I have planted my flag on both grounds, of scientifically based truth and of love from the heart. This I say that love of our country impels us to look unflinchingly at the birth of America, the birth that took place in the minds of the Puritans led by a highly religious Puritan lawyer on board the Arbella in the Spring of 1630. In the interest of full disclosure, I was raised as the son of a preacher, and my collective experiences as a "preachers' kid" have led me to look relentlessly for psychopathology (in the noteworthy words of Dr. Wayne Oates, a minister and psychologist) behind the religious mask. Although real religion is a beautiful thing, sick religion, mentally ill religion, is the opposive. It is a living nightmare. I naturally question John Winthrop's religion with the same spotlight I use to question any other religion. With that in mind, my question naturally arises -- did John Winthrop have religious delusions? Or worse -- did he have sociopathic tendencies?

In conducting my own informal research on this topic, I arrived at a piece of very disquieting information. When I compared the circumstances, the idealogy, and the rhetoric of John Winthrop with those of another inspiring religious man, the leader of another group who relocated to a different continent, I can find little to distinguish John Winthrop from Jim Jones, the infamous leader of Jonestown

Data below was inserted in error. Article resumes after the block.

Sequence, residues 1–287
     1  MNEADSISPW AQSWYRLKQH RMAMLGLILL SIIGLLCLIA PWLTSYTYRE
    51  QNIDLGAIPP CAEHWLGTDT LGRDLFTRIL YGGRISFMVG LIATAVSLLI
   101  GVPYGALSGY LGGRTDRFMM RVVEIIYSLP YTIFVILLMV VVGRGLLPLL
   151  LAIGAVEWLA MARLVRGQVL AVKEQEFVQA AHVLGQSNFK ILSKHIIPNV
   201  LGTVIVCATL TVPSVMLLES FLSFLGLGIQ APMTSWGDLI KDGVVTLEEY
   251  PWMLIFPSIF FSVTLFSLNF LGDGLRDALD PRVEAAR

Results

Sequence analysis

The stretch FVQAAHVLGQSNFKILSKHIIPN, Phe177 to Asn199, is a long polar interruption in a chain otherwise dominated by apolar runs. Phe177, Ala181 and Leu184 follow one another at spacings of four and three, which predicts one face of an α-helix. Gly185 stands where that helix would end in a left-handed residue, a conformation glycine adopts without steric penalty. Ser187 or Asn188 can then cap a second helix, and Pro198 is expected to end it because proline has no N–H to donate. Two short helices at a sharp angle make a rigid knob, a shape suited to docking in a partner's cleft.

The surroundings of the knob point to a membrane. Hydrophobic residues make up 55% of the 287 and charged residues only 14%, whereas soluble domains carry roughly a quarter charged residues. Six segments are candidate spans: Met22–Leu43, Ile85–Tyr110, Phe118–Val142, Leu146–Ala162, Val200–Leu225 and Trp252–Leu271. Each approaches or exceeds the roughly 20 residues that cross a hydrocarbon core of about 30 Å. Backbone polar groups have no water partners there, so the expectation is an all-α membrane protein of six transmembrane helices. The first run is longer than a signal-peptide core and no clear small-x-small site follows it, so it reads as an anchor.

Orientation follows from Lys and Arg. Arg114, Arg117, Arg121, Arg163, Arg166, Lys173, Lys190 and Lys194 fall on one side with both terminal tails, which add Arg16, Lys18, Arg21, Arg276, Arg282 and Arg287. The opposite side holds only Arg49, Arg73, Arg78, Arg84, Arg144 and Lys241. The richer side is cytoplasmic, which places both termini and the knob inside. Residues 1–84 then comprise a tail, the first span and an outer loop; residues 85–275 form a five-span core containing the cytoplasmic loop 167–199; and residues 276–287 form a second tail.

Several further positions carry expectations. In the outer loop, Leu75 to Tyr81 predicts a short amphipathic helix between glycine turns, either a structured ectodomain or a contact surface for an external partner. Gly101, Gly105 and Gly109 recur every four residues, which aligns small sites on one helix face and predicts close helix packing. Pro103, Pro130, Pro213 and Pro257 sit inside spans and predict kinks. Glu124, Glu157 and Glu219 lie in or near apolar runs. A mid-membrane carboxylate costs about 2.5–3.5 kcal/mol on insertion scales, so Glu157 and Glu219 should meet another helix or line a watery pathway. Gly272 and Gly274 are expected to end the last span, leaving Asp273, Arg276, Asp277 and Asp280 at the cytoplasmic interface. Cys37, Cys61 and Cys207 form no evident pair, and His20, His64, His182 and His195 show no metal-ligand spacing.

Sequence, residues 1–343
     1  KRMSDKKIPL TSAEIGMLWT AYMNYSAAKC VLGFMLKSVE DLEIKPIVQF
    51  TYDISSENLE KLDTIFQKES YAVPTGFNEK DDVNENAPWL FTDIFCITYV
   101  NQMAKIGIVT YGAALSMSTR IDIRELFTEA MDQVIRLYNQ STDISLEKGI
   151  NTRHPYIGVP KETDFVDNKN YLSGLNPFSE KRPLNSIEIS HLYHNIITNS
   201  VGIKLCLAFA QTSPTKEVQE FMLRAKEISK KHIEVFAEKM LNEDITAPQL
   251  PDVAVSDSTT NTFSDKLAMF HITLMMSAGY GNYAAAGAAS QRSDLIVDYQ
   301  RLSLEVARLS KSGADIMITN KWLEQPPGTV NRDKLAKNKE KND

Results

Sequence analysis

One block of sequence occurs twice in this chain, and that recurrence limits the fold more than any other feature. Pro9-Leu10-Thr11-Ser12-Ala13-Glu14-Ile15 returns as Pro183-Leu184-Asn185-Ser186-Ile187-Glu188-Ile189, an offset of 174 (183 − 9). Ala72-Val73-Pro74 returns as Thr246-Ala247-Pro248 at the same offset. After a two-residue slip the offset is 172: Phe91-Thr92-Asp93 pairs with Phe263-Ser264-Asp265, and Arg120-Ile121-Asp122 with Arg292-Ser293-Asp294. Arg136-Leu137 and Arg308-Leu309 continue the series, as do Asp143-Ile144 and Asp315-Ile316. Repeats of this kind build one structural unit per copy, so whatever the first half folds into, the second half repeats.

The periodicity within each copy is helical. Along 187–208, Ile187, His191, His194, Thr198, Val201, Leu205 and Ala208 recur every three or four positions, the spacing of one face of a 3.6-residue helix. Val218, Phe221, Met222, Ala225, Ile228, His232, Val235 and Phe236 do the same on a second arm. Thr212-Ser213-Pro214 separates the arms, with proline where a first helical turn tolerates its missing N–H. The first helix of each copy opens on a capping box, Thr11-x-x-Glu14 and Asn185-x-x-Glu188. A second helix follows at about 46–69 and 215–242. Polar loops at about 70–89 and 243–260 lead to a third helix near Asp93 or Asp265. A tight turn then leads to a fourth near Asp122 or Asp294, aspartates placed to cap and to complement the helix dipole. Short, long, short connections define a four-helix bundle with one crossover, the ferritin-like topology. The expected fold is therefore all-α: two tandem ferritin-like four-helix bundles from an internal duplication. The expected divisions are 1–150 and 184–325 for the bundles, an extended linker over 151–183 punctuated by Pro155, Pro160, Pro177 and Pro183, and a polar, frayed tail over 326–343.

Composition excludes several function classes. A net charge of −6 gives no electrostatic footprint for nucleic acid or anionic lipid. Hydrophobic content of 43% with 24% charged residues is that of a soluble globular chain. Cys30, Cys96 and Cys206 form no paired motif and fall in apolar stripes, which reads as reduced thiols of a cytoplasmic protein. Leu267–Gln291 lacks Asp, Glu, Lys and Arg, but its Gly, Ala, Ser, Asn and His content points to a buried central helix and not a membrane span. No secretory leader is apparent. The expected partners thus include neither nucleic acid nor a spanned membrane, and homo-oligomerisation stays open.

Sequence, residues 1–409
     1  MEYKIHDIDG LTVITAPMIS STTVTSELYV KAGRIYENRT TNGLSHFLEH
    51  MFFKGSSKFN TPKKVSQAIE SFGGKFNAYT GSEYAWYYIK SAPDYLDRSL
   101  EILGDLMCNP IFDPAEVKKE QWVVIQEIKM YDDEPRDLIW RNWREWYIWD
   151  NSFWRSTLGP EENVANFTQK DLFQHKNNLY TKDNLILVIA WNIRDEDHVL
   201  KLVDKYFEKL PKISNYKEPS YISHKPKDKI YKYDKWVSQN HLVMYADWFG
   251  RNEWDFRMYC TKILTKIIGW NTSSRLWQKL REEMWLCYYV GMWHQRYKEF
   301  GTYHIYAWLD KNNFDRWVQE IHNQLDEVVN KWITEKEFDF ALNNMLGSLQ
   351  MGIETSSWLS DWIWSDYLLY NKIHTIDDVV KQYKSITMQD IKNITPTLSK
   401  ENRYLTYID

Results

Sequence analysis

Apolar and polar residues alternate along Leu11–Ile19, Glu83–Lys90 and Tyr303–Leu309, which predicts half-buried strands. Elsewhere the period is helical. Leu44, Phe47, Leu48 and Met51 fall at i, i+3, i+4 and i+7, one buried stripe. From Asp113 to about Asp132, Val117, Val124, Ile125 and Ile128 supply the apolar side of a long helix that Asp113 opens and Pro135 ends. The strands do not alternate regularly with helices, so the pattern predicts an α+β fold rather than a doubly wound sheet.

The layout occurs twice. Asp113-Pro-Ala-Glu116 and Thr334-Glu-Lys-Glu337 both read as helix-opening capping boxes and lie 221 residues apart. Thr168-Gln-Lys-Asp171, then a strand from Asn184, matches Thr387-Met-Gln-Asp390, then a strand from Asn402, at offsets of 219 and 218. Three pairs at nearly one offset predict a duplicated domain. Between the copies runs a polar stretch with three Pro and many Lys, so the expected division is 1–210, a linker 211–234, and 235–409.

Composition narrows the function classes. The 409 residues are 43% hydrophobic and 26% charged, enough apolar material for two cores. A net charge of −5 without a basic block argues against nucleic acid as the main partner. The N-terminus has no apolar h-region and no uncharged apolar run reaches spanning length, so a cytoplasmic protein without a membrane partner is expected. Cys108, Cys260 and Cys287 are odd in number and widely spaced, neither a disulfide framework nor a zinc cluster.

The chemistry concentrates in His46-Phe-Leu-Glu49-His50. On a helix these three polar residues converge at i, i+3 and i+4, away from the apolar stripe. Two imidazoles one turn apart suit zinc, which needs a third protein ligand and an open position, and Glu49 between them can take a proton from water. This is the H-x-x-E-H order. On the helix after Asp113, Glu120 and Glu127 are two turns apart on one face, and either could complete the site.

The single difference between the two men is that Congressional scrutiny on Jim Jones in Jonestown was much closer than was Parliamentiary oversight of John Winthrop in Massachusetts. The result was that while Jones' new world perished, Winthrop's survived -- and thrived.

I do not like this comparison any more than I expect anyone else to. I know that John Winthrop's statue still stands in Washington DC, and I understand that many people (including his descendants) still revere him today. I will just say that I likewise revered my own father, a minister, up to the point when I first began attending meetings of Adult Children of Alcoholics in the spring of 1989. At that point, my false worship of my own father, based largely on terror, began a long transformation into mature a love of my father despite all his flaws, both large and small.